Panelists (left to right): Jesse McWaters, Emmanuel Aidoo, Brian Behlendorf, Chris Church, Todd McDonald and Jennifer Peve
A year after the DTCC 2016 Blockchain Symposium, industry leaders, analysts and emerging technology players continued the dialogue at the DTCC Fintech Symposium 2017 in New York.
This year’s event focused on the impact transformative technologies such as distributed ledger, robotics, machine learning and cloud computing, will have on the post-trade ecosystem, market structure and market practices. The symposium also provided an opportunity to discuss regulatory and policy objectives and their impact on the financial services industry.
In the day’s first session, “Beyond the Hype of DLT: Hard Lessons Learned 1 Year After the Blockchain Symposium,” panelists set out to address how blockchain has evolved and what’s on the horizon for 2018.
The panel was moderated by Jesse McWaters, Financial Innovation Lead, World Economic Forum. Panelists were Jennifer Peve, Executive Director, Office of FinTech Strategy, DTCC, Emmanuel Aidoo, Head of Blockchain and Distributed Ledger, Credit Suisse, Brian Behlendorf, Executive Director, Hyperledger Foundation, Chris Church, Chief Business Development Officer, Digital Asset, and Todd McDonald, Co-Founder/COO, R3.
Vaporware No More
“About three years ago, a lot of people in this room, and I’ll put up my hand and confess to being one of them, might have looked at Bitcoin and thought, ‘well, that seems like nonsense,’” McWaters said. “But at Davos this year everyone asked ‘is 2017 going to be the end of blockchain tourism?’”
Aidoo agreed, adding, “My CIO went from: ‘This is vaporware to wow, if DTCC is looking at this, this looks real.’”
Peve noted that DTCC’s work with blockchain technology evolved in 2016. “By the end of the year we were focused on specific use cases clearly supported by addressing a market need or a business challenge,” she said. “While we haven’t achieved implementation of critical mass adoption, what we have done is we’ve seen financial institutions, technology providers, regulators, industry experts all come together to work towards a common goal.”
Delivering Practical Business Applications
So what’s being built for market, as opposed to still incubating in the lab? Plenty, it seems, according to the panelists. Peve pointed out the industry has moved from a “flurry of experiments” and little collaboration in 2016 to a focus on specific use cases which address a market need or a business challenge and an atmosphere of increased collaboration. She noted the recently announced partnerships with IBM and blockchain startups Axoni and R3, to re-platform DTCC’s Trade Information Warehouse onto a distributed ledger.
Behlendorf got a laugh from the crowd due to his bullish confidence in blockchain technologies, which, he claimed, persuaded him to “jump from my cushy job at a venture capital fund” last year in order to take on his new position. As part of The Linux Foundation, Hyperledger sees its role as an “umbrella” in forging collaboration amongst the open source software development community, particularly, as Behlendorf confirmed, toward its “Fabric and Sawtooth Lake products, to potentially public chain technologies, though with very much an enterprise bent.”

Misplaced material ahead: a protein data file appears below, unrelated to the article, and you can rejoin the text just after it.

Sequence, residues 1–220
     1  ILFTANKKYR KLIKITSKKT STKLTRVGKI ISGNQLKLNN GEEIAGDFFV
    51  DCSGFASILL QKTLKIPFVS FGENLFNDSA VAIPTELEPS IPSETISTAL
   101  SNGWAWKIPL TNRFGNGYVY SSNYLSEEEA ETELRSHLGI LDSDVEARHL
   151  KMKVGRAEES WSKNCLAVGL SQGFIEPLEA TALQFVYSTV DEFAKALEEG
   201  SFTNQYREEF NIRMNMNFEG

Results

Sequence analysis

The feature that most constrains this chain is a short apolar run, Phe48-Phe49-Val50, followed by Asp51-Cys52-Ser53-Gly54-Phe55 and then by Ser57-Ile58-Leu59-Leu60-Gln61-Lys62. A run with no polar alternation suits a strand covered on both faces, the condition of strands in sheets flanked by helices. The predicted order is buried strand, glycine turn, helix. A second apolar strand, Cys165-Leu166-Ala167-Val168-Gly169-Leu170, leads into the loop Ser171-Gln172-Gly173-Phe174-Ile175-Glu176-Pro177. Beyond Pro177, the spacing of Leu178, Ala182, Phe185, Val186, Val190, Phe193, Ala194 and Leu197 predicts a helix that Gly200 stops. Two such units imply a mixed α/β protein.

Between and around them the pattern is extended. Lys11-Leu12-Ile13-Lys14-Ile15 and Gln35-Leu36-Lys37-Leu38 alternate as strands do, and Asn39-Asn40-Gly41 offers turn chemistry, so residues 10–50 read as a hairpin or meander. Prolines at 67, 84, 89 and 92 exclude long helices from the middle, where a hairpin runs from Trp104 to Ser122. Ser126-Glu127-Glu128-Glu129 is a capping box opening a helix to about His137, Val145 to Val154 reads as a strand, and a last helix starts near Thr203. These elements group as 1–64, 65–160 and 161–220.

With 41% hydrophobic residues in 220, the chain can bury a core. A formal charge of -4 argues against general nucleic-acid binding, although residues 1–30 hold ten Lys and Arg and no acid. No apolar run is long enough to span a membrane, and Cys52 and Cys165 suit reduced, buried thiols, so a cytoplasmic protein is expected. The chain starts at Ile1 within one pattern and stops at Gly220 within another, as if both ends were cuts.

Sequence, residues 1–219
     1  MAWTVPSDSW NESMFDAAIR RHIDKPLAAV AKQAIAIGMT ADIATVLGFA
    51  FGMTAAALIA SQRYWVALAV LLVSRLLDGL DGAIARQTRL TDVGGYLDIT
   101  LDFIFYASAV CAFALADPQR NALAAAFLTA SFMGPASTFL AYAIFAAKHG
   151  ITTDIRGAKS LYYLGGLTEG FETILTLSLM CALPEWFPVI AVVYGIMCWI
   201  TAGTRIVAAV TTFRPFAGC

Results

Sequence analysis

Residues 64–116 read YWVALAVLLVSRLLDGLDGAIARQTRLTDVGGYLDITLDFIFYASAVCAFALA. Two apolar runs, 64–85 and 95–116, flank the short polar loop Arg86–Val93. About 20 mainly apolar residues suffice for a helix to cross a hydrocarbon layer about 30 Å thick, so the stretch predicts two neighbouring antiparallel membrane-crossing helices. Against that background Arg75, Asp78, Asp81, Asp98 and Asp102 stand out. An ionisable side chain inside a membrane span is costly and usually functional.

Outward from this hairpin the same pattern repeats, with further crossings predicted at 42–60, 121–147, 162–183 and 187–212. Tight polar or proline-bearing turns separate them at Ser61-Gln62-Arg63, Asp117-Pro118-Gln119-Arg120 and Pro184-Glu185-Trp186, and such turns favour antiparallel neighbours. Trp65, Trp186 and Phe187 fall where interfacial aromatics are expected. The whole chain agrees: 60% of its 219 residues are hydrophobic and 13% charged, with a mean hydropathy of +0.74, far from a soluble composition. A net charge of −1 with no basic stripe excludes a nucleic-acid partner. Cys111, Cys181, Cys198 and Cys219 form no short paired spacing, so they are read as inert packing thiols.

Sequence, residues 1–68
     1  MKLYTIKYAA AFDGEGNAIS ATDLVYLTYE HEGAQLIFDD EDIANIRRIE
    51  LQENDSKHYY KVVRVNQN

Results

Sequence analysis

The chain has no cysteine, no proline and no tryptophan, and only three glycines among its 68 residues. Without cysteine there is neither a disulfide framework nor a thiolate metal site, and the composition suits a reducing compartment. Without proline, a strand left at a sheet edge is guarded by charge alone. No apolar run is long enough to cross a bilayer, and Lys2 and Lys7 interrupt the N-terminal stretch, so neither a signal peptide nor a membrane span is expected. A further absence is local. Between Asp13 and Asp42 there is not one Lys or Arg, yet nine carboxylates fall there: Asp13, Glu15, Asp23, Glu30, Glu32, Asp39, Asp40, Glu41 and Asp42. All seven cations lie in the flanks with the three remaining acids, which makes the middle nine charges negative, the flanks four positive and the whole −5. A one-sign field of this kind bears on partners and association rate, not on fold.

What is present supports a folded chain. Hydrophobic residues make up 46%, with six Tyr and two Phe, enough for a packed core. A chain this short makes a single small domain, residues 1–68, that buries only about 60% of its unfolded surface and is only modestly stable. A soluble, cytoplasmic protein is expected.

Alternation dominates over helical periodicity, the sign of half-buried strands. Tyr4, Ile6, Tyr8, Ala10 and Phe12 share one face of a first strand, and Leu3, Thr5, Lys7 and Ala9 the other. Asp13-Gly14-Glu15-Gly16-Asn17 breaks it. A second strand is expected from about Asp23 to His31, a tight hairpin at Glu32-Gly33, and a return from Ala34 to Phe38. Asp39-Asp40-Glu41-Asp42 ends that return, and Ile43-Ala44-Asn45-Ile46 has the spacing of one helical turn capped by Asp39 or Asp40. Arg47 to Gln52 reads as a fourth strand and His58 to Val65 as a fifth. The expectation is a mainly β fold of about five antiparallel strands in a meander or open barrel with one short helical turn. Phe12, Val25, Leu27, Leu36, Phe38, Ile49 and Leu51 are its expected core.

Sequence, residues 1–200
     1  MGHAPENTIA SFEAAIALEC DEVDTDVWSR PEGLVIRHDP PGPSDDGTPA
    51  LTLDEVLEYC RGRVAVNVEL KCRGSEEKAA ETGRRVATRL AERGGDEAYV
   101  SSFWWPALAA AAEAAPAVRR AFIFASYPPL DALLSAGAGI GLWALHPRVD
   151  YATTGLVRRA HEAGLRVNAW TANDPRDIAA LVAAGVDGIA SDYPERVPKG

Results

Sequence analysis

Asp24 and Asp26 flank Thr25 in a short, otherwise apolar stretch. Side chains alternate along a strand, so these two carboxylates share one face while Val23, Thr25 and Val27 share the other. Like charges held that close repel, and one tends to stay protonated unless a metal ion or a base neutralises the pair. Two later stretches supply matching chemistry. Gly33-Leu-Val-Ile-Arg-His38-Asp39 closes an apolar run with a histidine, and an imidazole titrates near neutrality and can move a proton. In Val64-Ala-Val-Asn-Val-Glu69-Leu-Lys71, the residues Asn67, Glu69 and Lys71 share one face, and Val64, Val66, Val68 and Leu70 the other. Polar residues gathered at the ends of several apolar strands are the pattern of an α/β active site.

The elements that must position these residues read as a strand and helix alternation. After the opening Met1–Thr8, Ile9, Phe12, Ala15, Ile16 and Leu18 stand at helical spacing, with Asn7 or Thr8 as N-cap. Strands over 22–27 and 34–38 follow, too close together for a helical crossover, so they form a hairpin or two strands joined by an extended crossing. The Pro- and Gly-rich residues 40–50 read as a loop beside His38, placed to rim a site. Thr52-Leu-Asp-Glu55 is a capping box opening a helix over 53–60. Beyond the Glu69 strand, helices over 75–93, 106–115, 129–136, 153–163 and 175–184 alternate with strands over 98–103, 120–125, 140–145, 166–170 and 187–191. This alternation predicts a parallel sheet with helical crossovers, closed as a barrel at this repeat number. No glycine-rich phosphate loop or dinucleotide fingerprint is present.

Privacy Versus “Controlled Transparency”
The panel then tackled the contentious issue of “permisionless chains” within an industry that requires top level security around data. McDonald pointed out there’s a “natural tension between auditability and privacy.”
Church confirmed they’ve addressed customers’ concerns at Digital Asset by segregating private data off the blockchain “which should really only be viewed by those who are a party to a transaction, and you only keep on chain the synchronization and notifications of those. And that helps with the scalability and also privacy.”
Priorities for 2018
All the panelists said hiring is an issue for 2018, as expected when dealing with still nascent technologies. But rapid adoption within the software development community means teams will scale fast, especially with the credibility major banks and DTCC all bring to the field. “The allure of distributed ledger technology is very strong,” confirmed McDonald. “There are probably dozens of folks that you don’t even know about that are hacking away on the weekends on this technology.”
What became clear throughout the panel discussion was best summed up by Church who said he felt 2017 showed these technologies had come of age - because the big players are now driving the industry forward: “The role of market infrastructures is absolutely cemented in the future. What they’re going to do and how they’re going to do it will be different, but it’s absolutely key to the success of this technology.”